For National Affairs, by The Washington Post, for aftermath coverage of September 11, by Karen DeYoung, Dan Eggen, Barton Gellman, Amy Goldstein, Walter Pincus, Thomas Ricks, Susan Schmidt, and Bob Woodward.

2003 - for Commmentary, by Colbert I. King for his against-the-grain columns that speak to people in power with ferocity and wisdom.

For Criticism, by Stephen Hunter for his authoritative film criticism.

For International Reporting, by Kevin Sullivan and Mary Jordan for their exposure of horrific conditions in Mexco's criminal justice system.

2004 - for International Reporting, by Anthony Shadid for his extraordinary ability to capture, at personal peril, the voices and emotions of Iraqis as their country was invaded.

2005 - for General Non-Fiction, by Steve Coll for his book, "Ghost Wars: The Secret History of the CIA, Afghanistan and Bin Laden, from the Soviet Invasion to September 10, 2001."

Posted by: Achenbach | October 13, 2005 2:06 PM | Report abuse

I love 24. I recently got hooked during the Labor Day marathon on A&E. I now Tivo the four 24 episodes on A&E on Mondays and watch them throughout the week.

Posted by: Sara | October 13, 2005 2:07 PM | Report abuse

"McDonalds will not possible without McDonnell Douglas"

Sounds like Jesse Jackson.

This barge was to large. To heavy for the levee.

Posted by: jw | October 13, 2005 2:08 PM | Report abuse

I was waiting for the alligator to come up in the blog. It has been quite the water cooler discussion here in Florida. Followup stories within days: (1) Miami Gardens, a missing cat followed by discovery of a python with a "suspicious" cat-sized bulge. (Reportedly, the x-rays made the evening news: yep, that's somebody's cat.) (2) Somewhere west of Miami, a python found in someone's yard with a *turkey* inside him. These snakes are usually found after they eat because they don't move much then. More and more exotic reptiles have been found in the Everglades, the Herald reported that in the last two years there have been 154 exotic snakes captured. So, I guess people can stop spending ALL their time worrying about hurricanes.

Posted by: Reader | October 13, 2005 2:08 PM | Report abuse

http://www.washingtonpost.com/wp-dyn/articles/A58127-2004Aug11.html

Beat ya! (I already informed myself this morning).

Posted by: jw | October 13, 2005 2:10 PM | Report abuse

forget it, I'm not ranting

Posted by: LB | October 13, 2005 2:10 PM | Report abuse

Just fyi, here's Getler, on Sunday:

I cannot think of a story in the past 40 years that offers more warning signs for journalism and for the role of the press in our democracy. And it's not just the press for whom Iraq should loom large. It is also Congress, the Cabinet, the civil service, the intelligence community and the military leadership.

There is no bigger story than war. And a war whose major premise -- the threat from Iraqi weapons of mass destruction -- turned out to be unsupported is an even bigger story. That the administration presented this threat to the public with such a strong, yet false, sense of certainty -- including the imagery of mushroom clouds -- is an even more important lesson for all of us about big but not well-examined decisions. How did a country on the leading edge of the information age get this so wrong and express so little skepticism and challenge? How did an entire system of government and a free press set out on a search for something and fail to notice, or even warn us in a timely or prominent way, that it wasn't or might not be there?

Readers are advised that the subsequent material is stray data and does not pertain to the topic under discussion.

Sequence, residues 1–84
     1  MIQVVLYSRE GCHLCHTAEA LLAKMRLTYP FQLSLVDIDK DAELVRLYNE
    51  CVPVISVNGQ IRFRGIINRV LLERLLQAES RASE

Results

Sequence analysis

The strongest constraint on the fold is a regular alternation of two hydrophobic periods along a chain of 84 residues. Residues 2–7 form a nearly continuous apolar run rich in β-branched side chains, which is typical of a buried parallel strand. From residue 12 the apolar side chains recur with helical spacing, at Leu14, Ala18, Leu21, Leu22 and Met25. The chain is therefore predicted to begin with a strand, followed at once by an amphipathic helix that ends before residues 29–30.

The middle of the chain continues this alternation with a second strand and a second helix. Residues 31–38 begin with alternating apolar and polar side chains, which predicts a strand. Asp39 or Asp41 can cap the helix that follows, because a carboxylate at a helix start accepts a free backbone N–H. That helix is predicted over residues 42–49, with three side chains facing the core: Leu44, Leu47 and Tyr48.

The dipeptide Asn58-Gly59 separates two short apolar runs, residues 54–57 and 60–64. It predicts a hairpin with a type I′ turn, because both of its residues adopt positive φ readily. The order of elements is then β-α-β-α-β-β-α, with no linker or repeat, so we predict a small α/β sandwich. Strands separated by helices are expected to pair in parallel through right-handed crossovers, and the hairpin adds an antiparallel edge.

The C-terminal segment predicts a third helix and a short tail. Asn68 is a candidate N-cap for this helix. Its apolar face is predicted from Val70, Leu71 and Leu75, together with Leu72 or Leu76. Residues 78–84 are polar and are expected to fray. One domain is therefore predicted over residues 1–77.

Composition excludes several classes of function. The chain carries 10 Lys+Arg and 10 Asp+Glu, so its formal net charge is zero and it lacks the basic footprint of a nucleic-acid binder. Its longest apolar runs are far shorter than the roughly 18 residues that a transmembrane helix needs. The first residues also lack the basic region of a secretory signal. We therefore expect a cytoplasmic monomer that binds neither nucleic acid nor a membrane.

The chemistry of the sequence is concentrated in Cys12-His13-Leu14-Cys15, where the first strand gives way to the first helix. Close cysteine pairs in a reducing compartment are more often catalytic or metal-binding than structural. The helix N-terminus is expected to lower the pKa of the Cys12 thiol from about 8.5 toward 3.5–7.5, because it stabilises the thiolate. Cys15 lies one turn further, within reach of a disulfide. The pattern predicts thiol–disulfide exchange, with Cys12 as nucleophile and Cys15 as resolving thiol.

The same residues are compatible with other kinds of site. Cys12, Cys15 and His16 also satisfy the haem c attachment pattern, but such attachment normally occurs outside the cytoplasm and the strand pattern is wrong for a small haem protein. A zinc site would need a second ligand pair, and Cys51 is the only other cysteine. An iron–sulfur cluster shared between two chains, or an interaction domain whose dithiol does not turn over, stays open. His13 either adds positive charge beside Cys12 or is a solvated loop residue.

...Much has already been written -- including about two dozen columns of mine -- about the press and the general failure to challenge in prewar coverage. As I look back at the past five years in this job, that is by far the single most important and most disappointing performance by the press, including The Post. And The Post -- along with the Los Angeles Times and the Knight Ridder/Tribune News Service -- was among the best. But it was nowhere near good enough.

Posted by: Achenbach | October 13, 2005 2:10 PM | Report abuse

Your mojo is still strong, jw.

Posted by: Achenfan | October 13, 2005 2:11 PM | Report abuse

[Oops -- my 2:11:51 post looks really, really dumb after Achenbach's comment. I have 'boodled out of order once again. Sorry.]

Posted by: Achenfan | October 13, 2005 2:16 PM | Report abuse

Rants are fine. Go ahead. All rants welcome. I want to make clear that I'm not saying that, because we won some prizes, all should be forgiven when we mess up in some other way. But make no mistake that I'm proud to be associated with such a great frickin' newspaper, and I get kind of tired of people with 20-20 hindsight saying we're complicit in murder and so on. In fact I think I feel another rant coming on. Must stifle it. (Remember Archie B. to Edith: "Stifle!")

Posted by: Achenbach | October 13, 2005 2:18 PM | Report abuse

Achenbach: You are right for listing all the tough investigative pieces the post has done but please read them again. They are all against relatively powerless entities long known for their corruption except for Colbert King (whose pieces were not promoted or do I recall ever seeing this person on TV - I don't even know the gender/race of this person though I read a few pieces and loved it). I am quite a libertarian on most issues. I grew up outside the US and used to admire the US press greatly. I grew up reading Time and Newsweek and watched "All the President's Men" not less than 10 times. I am a Pol Sci/Econ Major and went to Law school here in the US. I do not suscribe to either of those two publications anymore and I am thoroughly disenchanted with politics/politicians and especially the MSM. America used to or at least pretended to stand for the truth and justice but now alas... Thomas Friedman Rules!!.